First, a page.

The CEO of Lenovo, a Chinese computer company, brings his own distinct cultural touch to his. Yang Yuanqing, 49, hosts an annual event for his senior executives—a mix of lighthearted fun and dead-serious business.
He invites his top managers to his palatial home in a ritzy section of Beijing. One of his executives calls it “a mini-Versailles.”
The group enjoys a seven-course dinner with high-end wines specially chosen to complement each course. Teams of butlers descend on the executives, refilling their wineglasses with alacrity.
But then the team gets down to business. The CEO invites each executive to stand and declare his or her goals for the coming year.
Wineglass in hand, each manager shares an ambitious goal and then the group toasts it. Examples include, “We’ll beat Hewlett Packard’s sales” or “We’ll raise margins and expand our retail network” by a specified percentage.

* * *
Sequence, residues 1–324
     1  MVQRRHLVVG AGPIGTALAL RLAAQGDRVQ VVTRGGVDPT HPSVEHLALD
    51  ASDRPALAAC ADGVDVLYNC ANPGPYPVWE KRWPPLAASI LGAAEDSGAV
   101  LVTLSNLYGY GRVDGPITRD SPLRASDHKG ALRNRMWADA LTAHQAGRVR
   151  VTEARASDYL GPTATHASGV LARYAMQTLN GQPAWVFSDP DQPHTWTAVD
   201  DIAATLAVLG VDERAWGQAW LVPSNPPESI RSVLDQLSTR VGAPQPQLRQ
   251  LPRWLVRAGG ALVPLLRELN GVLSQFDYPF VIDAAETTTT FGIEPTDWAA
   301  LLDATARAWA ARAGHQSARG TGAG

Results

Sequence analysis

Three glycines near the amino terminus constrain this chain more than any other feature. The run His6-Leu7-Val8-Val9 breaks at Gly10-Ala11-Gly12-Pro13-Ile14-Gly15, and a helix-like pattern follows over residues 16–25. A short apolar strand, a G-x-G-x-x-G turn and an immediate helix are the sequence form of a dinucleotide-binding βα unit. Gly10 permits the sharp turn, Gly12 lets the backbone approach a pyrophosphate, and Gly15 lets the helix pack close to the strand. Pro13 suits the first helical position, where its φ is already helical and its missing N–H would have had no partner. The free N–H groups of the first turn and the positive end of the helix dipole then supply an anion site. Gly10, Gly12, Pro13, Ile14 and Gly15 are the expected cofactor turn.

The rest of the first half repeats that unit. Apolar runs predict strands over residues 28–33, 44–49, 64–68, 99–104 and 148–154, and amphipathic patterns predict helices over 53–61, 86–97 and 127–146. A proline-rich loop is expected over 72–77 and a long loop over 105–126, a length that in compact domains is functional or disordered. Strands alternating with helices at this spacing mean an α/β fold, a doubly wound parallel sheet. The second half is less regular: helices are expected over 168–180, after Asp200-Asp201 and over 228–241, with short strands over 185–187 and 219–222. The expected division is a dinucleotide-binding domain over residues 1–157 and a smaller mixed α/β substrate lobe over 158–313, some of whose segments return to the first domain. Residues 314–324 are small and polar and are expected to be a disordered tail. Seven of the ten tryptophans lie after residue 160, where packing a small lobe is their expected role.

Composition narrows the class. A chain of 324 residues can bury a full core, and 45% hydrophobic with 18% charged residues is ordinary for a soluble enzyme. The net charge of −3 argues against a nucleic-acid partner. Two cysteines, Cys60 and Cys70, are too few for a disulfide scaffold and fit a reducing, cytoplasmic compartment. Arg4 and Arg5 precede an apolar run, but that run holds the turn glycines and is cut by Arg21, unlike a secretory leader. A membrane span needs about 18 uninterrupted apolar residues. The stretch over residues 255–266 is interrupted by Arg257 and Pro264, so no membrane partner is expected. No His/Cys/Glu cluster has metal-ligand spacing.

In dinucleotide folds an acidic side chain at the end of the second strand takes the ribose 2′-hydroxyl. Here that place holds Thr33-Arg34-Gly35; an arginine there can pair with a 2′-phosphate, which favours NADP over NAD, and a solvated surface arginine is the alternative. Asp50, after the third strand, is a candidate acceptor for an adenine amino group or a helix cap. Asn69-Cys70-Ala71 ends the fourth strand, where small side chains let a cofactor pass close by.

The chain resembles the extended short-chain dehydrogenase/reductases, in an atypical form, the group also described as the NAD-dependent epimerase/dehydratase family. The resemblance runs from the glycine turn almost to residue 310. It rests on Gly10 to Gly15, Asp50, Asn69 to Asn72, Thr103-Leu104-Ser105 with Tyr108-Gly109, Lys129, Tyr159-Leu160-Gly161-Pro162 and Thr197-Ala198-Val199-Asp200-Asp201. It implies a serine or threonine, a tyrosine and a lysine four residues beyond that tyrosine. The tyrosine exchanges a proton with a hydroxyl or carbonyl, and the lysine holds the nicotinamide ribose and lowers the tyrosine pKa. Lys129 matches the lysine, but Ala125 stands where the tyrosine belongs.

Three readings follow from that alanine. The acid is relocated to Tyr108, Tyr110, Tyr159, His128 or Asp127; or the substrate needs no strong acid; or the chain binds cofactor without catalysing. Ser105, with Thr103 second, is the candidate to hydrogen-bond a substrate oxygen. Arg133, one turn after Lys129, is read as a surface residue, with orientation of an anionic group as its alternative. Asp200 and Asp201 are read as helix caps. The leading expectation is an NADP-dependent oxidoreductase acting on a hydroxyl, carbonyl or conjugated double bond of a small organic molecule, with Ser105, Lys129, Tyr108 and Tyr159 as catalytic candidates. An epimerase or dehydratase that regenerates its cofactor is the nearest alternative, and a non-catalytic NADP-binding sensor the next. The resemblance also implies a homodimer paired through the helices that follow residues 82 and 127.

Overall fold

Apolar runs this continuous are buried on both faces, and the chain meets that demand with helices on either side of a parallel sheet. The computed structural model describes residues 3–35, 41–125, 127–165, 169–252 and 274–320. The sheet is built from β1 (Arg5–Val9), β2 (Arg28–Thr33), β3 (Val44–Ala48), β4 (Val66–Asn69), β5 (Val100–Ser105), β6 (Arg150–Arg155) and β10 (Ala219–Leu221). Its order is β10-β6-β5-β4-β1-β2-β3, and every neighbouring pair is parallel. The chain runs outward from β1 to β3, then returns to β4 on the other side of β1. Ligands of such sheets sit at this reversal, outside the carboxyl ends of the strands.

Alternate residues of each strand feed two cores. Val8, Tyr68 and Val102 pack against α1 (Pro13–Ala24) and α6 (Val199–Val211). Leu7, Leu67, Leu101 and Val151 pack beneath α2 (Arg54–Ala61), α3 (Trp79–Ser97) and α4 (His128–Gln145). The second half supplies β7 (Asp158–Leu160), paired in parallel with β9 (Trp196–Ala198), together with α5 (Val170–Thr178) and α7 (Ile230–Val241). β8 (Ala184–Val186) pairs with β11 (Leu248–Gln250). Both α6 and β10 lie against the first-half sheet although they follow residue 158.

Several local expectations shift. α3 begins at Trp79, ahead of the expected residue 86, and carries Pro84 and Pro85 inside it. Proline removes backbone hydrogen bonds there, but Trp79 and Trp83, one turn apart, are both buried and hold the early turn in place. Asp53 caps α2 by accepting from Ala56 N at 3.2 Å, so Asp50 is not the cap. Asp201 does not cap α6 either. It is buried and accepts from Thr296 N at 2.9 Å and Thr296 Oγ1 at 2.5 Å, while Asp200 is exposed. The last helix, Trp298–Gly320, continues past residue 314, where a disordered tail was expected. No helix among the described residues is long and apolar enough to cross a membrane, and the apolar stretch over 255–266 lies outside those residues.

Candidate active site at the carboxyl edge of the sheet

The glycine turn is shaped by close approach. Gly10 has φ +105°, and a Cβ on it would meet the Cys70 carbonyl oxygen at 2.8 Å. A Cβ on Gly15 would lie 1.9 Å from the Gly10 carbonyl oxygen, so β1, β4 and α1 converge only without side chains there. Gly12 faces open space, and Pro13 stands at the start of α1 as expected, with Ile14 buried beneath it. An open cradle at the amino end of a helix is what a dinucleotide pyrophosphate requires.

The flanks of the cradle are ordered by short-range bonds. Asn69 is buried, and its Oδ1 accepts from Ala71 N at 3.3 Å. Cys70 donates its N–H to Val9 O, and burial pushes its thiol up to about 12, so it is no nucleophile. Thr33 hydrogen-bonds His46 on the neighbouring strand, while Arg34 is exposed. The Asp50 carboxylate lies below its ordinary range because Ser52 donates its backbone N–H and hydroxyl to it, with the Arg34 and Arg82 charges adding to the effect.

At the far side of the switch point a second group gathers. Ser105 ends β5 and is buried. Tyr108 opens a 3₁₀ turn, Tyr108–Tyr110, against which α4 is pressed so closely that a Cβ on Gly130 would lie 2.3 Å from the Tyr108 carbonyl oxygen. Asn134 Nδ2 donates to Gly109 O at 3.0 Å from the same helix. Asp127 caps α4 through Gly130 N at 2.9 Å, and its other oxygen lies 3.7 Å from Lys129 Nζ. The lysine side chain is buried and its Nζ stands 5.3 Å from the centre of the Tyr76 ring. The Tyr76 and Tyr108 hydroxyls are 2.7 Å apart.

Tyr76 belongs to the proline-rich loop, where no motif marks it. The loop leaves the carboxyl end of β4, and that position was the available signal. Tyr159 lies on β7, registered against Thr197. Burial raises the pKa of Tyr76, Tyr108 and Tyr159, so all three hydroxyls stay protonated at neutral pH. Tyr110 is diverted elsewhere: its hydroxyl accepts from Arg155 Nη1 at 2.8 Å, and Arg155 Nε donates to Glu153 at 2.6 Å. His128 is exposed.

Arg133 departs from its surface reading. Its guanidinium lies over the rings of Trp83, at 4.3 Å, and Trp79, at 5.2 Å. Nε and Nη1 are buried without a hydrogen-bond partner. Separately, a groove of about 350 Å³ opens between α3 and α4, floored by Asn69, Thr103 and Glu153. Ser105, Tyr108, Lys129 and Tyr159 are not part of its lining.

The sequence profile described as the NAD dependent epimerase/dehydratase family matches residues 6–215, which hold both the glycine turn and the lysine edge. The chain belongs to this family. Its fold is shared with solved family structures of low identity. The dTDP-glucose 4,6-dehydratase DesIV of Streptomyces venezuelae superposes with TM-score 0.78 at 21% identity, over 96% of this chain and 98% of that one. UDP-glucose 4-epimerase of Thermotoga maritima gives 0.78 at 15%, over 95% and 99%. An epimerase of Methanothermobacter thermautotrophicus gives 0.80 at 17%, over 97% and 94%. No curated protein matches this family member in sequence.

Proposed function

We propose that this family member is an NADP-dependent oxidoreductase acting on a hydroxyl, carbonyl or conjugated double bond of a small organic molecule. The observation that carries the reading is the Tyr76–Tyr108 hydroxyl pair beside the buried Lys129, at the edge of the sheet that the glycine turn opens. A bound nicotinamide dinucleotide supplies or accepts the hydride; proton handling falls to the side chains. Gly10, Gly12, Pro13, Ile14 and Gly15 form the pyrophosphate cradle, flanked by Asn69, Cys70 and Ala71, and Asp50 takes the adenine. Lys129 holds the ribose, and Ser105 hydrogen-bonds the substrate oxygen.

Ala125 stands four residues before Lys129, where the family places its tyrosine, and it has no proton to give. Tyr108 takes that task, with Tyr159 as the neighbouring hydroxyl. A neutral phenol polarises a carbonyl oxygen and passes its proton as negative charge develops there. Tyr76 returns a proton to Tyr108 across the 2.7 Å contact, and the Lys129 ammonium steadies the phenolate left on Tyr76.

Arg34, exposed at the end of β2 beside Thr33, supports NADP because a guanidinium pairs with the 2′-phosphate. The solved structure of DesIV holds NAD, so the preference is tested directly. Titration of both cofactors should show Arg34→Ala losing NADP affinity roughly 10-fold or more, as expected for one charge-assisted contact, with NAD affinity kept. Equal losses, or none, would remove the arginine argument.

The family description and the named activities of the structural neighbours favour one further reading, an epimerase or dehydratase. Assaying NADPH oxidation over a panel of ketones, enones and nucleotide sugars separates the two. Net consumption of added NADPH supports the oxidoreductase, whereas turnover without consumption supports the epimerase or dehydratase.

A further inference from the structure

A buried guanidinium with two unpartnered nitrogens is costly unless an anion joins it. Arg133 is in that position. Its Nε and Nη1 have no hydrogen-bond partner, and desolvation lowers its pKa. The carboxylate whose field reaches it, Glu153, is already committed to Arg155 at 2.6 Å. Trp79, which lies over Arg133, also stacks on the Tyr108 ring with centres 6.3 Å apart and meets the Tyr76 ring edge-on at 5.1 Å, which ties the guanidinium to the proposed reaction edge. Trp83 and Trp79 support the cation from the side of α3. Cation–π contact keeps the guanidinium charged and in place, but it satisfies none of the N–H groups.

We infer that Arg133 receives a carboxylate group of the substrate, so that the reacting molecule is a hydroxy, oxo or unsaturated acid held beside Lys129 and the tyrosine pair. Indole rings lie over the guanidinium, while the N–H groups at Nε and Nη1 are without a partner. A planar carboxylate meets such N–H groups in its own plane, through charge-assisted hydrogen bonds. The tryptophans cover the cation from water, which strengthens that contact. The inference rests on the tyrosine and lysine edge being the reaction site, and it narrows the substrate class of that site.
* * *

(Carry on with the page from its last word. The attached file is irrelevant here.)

Experienced Lenovo executives vie to go first. That’s because with each speaker, the goals tend to grow more outlandish. If someone doesn’t set a target that others deem sufficiently bold, good-natured protests erupt and the speaker is prodded to raise the bar higher.
Yang presides over the gathering gently but firmly. On occasion, he’ll tease an executive for missing last year’s target.
But he keeps his composure and motivates the team with his aggressive vision for the giant computer maker’s global growth.
One of the attendees at these annual banquets is the head of human resources. The next morning, she emails each executive with a summary of that person’s stated target for the year ahead. This heightens accountability and signals to everyone that Yang will be watching.
— Adapted from “Can Lenovo do it?,” Miguel Helft, Fortune.